Canada - Open Government withering on the vine

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  2. Canada’s Access to Information Act turns 30, but who’s looking or caring
  3. Parliament has done nothing for the Access to Information Act which can be a legal weapon that sheds light into corrupt practices, government waste, unhealthy consumer and environmental situations, and government privacy intrusions.
  5. By KEN RUBIN |
  6. Published: Monday, 07/02/2012
  8. OTTAWA—There has been little public notice that it was 30 years ago this June that the House of Commons passed both Canada’s Access to Information and Privacy acts. This contrasts with the many public commentaries earlier this year on the impact 30 years of living with the Charter of Rights and Freedoms has had on Canada.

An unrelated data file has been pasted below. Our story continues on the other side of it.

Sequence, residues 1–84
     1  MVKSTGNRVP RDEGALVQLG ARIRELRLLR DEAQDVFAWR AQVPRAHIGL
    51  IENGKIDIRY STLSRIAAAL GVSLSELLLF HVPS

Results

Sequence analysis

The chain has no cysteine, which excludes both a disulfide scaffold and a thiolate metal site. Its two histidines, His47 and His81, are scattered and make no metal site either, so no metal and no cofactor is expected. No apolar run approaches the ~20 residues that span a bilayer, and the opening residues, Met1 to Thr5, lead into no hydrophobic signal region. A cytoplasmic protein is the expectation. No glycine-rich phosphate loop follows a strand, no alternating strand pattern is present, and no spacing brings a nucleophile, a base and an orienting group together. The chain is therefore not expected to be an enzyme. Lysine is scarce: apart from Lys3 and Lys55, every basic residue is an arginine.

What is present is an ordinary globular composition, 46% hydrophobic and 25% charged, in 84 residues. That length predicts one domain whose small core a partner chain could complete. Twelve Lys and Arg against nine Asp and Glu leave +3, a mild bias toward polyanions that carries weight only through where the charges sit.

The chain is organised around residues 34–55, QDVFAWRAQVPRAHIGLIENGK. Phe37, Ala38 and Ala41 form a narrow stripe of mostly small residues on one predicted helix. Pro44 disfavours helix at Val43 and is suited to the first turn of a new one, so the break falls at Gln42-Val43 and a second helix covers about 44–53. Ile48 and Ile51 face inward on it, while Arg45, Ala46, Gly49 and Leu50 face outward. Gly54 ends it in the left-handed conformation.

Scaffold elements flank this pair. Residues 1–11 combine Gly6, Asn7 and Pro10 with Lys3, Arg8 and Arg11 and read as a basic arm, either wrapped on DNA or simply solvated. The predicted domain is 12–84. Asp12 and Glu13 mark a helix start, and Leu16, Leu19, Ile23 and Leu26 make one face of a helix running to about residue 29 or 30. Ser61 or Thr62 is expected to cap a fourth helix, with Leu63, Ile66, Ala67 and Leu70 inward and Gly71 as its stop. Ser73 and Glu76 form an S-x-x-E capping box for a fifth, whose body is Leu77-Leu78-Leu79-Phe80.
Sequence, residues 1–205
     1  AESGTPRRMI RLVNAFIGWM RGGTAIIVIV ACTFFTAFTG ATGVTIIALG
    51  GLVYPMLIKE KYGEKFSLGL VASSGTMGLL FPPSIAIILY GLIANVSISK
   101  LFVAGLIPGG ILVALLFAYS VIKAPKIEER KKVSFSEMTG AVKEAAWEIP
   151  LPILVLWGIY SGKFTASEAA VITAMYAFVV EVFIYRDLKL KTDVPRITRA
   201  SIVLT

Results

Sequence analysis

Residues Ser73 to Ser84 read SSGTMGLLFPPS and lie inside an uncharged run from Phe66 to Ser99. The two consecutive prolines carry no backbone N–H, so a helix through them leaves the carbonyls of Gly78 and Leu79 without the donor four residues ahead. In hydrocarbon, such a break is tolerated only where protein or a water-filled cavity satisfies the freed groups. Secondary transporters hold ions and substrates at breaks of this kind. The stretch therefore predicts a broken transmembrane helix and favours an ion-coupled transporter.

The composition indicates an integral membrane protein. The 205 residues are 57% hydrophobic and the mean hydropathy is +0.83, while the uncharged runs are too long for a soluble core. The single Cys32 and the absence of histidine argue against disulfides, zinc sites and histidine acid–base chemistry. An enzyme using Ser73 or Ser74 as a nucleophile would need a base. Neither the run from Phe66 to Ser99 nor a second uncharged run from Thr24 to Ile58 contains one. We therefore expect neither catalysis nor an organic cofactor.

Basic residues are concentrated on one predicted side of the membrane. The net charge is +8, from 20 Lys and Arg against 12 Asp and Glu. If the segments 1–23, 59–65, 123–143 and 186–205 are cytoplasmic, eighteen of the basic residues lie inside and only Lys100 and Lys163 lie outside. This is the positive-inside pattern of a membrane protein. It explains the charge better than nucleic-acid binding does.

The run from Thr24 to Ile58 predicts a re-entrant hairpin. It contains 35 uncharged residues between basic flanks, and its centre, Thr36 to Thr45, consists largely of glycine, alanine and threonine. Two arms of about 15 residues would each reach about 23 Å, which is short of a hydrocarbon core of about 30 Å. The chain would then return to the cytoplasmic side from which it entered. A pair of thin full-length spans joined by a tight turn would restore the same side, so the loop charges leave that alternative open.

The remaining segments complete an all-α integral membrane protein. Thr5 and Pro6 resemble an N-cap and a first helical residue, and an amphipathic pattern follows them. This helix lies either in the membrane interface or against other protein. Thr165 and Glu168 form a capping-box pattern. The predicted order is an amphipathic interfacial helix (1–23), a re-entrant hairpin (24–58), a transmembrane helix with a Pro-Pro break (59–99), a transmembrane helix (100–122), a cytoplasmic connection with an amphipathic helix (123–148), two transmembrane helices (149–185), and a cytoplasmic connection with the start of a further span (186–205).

10. Yet, it took nearly 10 years of very public campaigning for access and privacy rights by groups that I was a part of like ACCESS and the then Canadian Rights and Liberties Federation before the acts’ June 1982 passage.
  12. Both acts are now engrained in Ottawa’s daily routines even though they continually meet institutional resistance. Thirty years of thousands of access and privacy requests have not, however, had a significant impact on Ottawa’s landscape. That’s in part because both acts as enacted have been deeply flawed, offer little privacy protection and minimal disclosure and are beholden to the protection of government and special interests.
  14. There is still no progressive road map in place to change that reality. Parliament itself can not take credit for nurturing or improving either act’s viability which is why both acts are so broken and endangered.
  16. Still, what has been mine and other users’ experience with both acts is that access can be a legal weapon that gives glimpses into corrupt practices, government waste, unhealthy consumer and environmental situations, and government privacy intrusions.
  18. On the privacy side, Cabinet ministers and officials since 1982 like Public Safety Minister Vic Toews have been walking all over the Privacy Act’s protection collection and retention code.